Financial Stability Oversight Council Releases 2016 Annual Report; Reviews Insurance Industry

Sep 23, 2016


Monitoring the regulatory treatment and transparency of captive reinsurers and their transactions should be a continued focus by state insurance regulators, the Financial Stability Oversight Council said in its 2016 Annual Report released yesterday, September 22.  

To view the report, click here.

In its only direct recommendation to the insurance industry, the FSOC left that task up to state regulators and the National Association of Insurance Commissioners (“NAIC”), however, suggesting that they continue their ongoing work toward improving additional financial statement information of captive reinsurers. 

The states, through the NAIC, are moving toward establishing a more consistent regulatory framework for life insurance affliated captive reinsurance transactions entered into after 2014 relating to certain term and universal life insurance products. This framework provides for the public disclosure of the reserves and assets related to those transactions, the FSOC explained. 

This year, state insurance regulators, through the NAIC, continued the implementation of the framework and further enhanced the supplemental disclosure.  In addition, the NAIC is currently studying the regulatory-related incentives that encourage insurers to engage in variable annuity reinsurance transactions with captives and formulating potential adjustments to the NAIC solvency framework required by the accreditation program.  The FSOC noted that a quantitative impact study is currently underway to determine the adjustments that are necessary to be made to the solvency framework. 

Yesterday’s FSOC report also reviewed the financial status of the U.S. insurance industry, noting that licensed insurance companies earned $98.5 billion in 2015 measured by net income–down 4.4 percent from the previous year.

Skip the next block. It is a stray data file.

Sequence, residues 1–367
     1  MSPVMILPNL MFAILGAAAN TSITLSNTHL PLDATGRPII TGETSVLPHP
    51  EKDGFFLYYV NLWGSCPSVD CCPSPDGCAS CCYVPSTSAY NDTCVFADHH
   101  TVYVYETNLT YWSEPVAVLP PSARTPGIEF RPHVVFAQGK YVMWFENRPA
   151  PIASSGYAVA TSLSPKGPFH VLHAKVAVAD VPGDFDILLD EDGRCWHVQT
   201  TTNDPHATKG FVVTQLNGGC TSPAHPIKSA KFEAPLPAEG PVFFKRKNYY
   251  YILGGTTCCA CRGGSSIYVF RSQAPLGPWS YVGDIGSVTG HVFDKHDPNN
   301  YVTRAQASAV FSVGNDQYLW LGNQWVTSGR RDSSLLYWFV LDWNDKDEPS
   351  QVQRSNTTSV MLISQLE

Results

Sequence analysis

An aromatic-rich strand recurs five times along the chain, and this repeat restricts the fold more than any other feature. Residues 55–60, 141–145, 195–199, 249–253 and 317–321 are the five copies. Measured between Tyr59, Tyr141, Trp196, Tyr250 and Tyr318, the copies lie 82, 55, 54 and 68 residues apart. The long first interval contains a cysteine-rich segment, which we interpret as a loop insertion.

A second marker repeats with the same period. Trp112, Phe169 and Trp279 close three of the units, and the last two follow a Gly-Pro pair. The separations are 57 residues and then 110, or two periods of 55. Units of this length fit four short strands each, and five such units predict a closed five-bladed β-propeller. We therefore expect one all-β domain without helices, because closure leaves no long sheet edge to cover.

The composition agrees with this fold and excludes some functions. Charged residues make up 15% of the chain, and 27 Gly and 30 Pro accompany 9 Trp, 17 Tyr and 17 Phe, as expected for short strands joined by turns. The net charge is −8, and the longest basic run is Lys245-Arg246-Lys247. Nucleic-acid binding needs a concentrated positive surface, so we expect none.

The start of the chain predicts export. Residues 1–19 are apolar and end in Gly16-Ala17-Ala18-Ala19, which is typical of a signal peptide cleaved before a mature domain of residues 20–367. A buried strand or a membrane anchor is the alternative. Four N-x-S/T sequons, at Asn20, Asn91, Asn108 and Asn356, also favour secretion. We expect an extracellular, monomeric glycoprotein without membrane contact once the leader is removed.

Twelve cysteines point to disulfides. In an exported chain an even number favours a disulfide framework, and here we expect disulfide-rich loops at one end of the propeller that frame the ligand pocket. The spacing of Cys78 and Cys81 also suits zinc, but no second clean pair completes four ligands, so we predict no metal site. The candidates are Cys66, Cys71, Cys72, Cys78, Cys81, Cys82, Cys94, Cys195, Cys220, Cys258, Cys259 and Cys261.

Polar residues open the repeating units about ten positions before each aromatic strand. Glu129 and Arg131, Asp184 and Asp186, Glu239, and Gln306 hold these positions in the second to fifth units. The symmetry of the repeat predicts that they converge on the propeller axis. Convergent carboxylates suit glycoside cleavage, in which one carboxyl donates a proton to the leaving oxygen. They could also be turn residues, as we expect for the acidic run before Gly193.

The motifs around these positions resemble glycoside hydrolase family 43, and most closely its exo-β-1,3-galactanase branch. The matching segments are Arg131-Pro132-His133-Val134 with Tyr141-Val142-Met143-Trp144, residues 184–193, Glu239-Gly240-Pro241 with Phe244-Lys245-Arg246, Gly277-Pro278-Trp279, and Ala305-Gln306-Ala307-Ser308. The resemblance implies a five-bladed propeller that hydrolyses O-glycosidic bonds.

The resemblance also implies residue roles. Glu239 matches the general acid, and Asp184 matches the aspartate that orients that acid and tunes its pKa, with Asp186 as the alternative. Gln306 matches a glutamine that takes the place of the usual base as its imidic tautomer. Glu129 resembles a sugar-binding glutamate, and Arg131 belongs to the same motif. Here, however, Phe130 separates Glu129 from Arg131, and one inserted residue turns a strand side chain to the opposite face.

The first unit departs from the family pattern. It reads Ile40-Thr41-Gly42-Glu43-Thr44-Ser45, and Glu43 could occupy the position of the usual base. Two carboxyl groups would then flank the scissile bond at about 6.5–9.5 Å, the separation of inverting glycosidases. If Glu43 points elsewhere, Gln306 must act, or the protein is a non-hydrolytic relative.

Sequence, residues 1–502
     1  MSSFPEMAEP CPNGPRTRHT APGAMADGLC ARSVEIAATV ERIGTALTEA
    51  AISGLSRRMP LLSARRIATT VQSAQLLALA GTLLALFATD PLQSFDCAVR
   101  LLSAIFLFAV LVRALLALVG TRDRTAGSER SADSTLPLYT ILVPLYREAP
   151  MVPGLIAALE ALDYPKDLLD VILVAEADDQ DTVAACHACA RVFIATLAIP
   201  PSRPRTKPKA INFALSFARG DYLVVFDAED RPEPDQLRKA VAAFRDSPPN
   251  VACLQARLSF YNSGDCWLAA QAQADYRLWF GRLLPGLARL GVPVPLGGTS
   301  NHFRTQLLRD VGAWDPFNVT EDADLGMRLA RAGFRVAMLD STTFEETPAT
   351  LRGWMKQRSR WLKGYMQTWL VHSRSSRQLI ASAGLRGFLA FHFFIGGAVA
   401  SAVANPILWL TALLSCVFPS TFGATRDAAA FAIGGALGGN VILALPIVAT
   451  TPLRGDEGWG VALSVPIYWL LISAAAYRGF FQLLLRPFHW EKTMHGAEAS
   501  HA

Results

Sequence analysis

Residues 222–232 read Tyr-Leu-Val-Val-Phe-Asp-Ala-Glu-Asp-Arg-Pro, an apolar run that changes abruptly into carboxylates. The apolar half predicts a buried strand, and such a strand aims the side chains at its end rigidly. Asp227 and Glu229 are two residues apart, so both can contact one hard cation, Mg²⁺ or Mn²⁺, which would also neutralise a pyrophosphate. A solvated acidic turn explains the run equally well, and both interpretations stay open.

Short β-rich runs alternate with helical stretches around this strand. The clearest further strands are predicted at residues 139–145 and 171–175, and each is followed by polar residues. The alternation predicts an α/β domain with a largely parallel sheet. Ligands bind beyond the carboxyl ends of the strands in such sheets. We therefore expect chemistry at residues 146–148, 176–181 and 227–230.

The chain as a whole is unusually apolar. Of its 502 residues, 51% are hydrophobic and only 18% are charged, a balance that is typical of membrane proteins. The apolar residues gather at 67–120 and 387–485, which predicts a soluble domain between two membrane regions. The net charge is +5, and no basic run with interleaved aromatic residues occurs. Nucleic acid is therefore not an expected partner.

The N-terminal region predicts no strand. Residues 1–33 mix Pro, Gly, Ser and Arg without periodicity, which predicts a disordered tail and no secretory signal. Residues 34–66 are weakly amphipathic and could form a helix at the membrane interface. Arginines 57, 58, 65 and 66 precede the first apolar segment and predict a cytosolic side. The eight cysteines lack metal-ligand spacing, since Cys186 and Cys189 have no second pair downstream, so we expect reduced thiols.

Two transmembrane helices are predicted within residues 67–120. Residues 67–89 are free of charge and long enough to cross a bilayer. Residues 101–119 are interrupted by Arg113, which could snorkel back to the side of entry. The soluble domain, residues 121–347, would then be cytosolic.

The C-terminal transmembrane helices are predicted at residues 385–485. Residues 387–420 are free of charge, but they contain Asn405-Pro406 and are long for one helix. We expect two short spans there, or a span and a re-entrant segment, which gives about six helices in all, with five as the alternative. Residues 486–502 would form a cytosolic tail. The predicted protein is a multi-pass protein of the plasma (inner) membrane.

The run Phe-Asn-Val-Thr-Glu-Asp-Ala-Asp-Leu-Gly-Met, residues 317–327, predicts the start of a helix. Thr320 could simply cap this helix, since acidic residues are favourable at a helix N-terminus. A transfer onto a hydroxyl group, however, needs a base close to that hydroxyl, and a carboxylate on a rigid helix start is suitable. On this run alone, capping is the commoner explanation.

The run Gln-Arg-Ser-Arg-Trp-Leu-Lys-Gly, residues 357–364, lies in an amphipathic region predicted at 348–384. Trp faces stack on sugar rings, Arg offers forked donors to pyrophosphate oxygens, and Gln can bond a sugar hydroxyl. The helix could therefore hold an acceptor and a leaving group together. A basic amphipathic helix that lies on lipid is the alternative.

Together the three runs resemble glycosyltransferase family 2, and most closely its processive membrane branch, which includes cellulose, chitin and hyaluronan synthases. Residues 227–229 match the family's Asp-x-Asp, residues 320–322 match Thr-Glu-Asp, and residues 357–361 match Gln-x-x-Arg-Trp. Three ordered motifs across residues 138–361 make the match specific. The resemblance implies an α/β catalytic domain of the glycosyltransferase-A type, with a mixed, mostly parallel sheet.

Insurance companies and related businesses contributed $469.2 billion to U.S. GDP in 2015, approximately 2.6 percent of the total.  Total revenues received by insurance companies from premiums and deposits on policies and annuity products totaled $1.2 trillion in 2015.  Insurers continue to rank among the largest U.S. financial corporations based on total assets.  In each of the property and casualty (“P&C”) and life insurance sectors, the 10 largest firms constitute roughly half of the market, as measured by total assets and premiums from contracts written. 

Licensed U.S. P&C companies reported $58.3 billion in net income for 2015, and the life insurance sector reported $40.2 billion. The P&C sector saw continued growth in premiums, offset in part by an increase in paid and incurred losses, resulting in lower net income than in 2014. 

In a review of insurance industry activities during 2015, the FSOC said that state insurance regulators, through the NAIC, continue work on updating the NAIC’s insurance financial solvency framework and refining existing NAIC accounting, actuarial, reporting, valuation and risk-based capital standards. 

All 50 states, the District of Columbia, and Puerto Rico have adopted key amendments to the Insurance Holding Company System Regulatory Act, including provisions requiring the submission of a new enterprise risk report.  In addition, revisions to the Model Act are being adopted by states to clarify their legal authorities to act as group-wide supervisor for certain Internationally Active Insurance Groups.  States continue to enact new and updated NAIC model laws related to the Solvency Modernization Initiative, including the Risk Management and Own Risk and Solvency Assessment (“ORSA”) Model Act (requiring the ORSA filing), and the revised Standard Valuation Law to implement principle-based reserving, both of which have been adopted in a majority of states. 

In his testimony before the House Financial Services Committee yesterday, U.S. Treasury Secretary Jacob J. Lew discussed the FSOC report, touching on 12 themes he said warrant additional scrutiny by policymakers this year.  Those are:

  • Cybersecurity: Government agencies and the private sector should continue to work to improve and enhance information sharing, baseline protections such as security controls and network monitoring, and response and recovery planning.